Therefore, there is a clear need for re-evaluating the practice of setting regulatory standards and requirements starting with the definition of a quality product followed by the use of scientifically/GMP valid instruments and procedures. Otherwise, it is impossible for the manufacturers to produce quality products, and for the regulators developing and implementing appropriate guidelines and standards for product evaluation.

Some suggestions are provided to address these issues, and it is sincerely hoped that authorities will give consideration to these thoughts.

For further reading:
(1) http://www.drug-dissolution-testing.com/?p=3022
(2) http://www.drug-dissolution-testing.com/?p=3007
(3) http://www.drug-dissolution-testing.com/?p=2956
(4) http://www.drug-dissolution-testing.com/?p=3037
(5) http://www.drug-dissolution-testing.com/?p=2922

Are bioequivalence (BE) assessments of clinical significance and relevance? Not really!

A discussion is provided showing weakness of BE assessments for comparing or establishing quality of products such as tablet/capsule. It is argued that in vitro drug dissolution/release testing would provide a better alternative for the assessment of the quality of such pharmaceutical products. Please click here for complete article.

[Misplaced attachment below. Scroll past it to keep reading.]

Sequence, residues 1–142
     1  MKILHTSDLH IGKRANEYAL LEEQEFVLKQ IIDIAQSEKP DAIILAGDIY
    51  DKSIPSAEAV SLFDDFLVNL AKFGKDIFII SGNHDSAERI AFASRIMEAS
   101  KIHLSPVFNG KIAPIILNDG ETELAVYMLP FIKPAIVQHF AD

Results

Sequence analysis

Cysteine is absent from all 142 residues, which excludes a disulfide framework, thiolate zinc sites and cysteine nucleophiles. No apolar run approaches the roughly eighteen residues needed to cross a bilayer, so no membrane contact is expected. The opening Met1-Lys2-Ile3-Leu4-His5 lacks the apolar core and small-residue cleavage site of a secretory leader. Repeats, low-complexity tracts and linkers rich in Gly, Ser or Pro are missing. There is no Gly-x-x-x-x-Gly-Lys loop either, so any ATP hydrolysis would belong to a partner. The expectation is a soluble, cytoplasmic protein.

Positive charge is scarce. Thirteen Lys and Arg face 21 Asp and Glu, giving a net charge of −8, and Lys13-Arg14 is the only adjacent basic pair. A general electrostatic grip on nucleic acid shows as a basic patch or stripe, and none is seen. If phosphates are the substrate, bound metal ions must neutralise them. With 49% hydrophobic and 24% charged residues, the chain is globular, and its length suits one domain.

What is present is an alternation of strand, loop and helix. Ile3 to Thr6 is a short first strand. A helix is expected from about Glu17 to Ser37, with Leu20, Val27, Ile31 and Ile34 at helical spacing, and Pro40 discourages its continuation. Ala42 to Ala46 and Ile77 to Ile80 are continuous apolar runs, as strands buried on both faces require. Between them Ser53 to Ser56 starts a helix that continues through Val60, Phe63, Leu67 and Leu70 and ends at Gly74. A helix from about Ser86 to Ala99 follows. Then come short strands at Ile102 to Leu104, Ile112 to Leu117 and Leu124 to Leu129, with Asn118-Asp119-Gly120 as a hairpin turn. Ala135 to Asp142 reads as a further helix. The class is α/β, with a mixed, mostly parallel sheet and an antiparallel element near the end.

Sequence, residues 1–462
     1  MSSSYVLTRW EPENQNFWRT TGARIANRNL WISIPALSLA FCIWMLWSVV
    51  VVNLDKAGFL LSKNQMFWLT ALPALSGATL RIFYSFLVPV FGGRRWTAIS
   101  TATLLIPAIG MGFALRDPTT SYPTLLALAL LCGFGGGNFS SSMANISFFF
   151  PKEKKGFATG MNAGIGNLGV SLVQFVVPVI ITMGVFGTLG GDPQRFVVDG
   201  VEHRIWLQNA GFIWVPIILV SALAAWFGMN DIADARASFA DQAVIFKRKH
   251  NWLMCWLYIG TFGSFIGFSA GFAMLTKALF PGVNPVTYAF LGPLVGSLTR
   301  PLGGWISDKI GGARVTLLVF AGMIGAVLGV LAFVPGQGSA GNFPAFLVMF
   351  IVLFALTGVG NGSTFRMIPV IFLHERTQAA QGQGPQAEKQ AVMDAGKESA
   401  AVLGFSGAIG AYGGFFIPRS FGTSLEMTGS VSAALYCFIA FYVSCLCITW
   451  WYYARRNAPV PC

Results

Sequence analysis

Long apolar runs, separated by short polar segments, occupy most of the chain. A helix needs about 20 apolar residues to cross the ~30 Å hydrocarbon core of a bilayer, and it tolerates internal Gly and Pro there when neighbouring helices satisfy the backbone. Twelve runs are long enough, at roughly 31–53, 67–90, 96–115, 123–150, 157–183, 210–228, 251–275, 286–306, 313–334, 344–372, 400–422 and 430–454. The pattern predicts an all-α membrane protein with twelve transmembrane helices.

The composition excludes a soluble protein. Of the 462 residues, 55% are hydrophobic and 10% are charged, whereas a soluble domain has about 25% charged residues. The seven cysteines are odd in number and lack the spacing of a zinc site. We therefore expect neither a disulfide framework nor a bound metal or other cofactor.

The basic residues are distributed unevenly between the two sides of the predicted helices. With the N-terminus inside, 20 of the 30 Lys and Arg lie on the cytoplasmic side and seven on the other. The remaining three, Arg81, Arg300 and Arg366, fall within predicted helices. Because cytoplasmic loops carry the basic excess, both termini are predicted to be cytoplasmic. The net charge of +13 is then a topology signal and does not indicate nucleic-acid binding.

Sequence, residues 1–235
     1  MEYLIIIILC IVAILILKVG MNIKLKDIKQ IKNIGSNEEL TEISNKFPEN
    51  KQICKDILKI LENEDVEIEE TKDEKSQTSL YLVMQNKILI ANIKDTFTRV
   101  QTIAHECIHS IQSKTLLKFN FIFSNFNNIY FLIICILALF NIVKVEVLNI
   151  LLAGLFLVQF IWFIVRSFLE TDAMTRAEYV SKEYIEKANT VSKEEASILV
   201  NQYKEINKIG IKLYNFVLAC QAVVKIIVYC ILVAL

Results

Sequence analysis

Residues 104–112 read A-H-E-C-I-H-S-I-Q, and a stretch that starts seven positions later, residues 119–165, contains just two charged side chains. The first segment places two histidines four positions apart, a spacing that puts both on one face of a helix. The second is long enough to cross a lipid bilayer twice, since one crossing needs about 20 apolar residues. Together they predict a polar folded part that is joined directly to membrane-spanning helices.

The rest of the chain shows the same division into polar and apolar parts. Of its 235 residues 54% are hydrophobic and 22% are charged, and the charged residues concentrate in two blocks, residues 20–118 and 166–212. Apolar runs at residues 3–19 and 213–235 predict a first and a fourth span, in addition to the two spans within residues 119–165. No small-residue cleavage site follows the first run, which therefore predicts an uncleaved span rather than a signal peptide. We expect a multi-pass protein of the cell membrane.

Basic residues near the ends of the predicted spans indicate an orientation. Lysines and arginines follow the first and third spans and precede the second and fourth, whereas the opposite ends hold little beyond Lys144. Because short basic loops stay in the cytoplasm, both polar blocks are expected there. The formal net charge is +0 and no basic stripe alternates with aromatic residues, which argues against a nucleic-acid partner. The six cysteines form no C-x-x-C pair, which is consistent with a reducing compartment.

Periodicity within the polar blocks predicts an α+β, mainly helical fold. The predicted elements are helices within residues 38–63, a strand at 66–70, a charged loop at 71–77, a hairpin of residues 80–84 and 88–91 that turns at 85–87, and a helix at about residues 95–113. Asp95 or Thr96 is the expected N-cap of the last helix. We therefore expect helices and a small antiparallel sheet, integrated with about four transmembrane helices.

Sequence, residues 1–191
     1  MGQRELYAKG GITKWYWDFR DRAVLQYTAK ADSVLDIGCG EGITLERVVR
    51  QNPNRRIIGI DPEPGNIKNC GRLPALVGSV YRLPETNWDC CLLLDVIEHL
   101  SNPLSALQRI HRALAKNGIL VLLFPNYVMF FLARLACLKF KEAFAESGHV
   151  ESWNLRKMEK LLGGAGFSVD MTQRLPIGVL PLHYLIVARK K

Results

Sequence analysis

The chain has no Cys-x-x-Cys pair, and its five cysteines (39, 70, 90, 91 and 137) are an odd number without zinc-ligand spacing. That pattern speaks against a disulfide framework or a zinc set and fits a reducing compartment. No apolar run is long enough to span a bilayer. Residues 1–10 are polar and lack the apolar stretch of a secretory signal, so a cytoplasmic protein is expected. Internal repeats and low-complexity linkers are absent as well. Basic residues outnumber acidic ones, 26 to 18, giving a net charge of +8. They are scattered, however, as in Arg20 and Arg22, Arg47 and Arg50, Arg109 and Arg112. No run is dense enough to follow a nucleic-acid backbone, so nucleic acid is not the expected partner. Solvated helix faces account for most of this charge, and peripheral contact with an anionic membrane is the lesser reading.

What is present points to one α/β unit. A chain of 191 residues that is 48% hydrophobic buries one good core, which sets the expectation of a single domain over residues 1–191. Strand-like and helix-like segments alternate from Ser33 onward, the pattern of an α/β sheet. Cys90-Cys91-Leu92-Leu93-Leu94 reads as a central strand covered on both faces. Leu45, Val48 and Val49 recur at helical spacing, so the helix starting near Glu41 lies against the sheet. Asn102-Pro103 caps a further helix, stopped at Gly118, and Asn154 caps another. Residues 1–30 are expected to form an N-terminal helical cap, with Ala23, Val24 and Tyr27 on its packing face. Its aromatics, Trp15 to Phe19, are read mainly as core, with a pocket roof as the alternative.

Regulatory compliance is more appropriate description than QC/QA

It is important to note that at present pharmaceutical laboratories are operating under non-GLP/GMP conditions, in particular for the assessment of solid oral dosage forms such as tablet and capsule products. This is surprising that such negligence has been going on unchecked. This deficiency needs to be corrected so that facilities can be considered as QC/QA laboratories to provide relevant and accurate quality characteristics of the products. For further details, please follow the links (1, 2, 3).

Need for a quantifiable quality parameter for pharmaceutical (tablet/capsule) products

People try to understand the logic and scientific principles behind the (pharmacopeial and regulatory) “compliance” requirements for meeting the quality aspect of the pharmaceutical products such as tablet/capsule. However, there is hardly any scientific principle involved in most of the current “compliance” requirements in the area. Most compliance requirements are based on subjective (individual or collective) opinions and guesses, often presented through publications or regulatory guidance documents to gain or establish their authenticity. For example, in the area of establishing quality of the manufactured products, such as tablet/capsule of both generic and branded products, nowhere it is defined what would be considered as a “quality product” and how the quality should be measured or established. However, all the pharmacopeial and regulatory requirements (national or international) make claims of achieving it. Is it not interesting that quality of a product is not defined or known, but claimed to be achieved, how?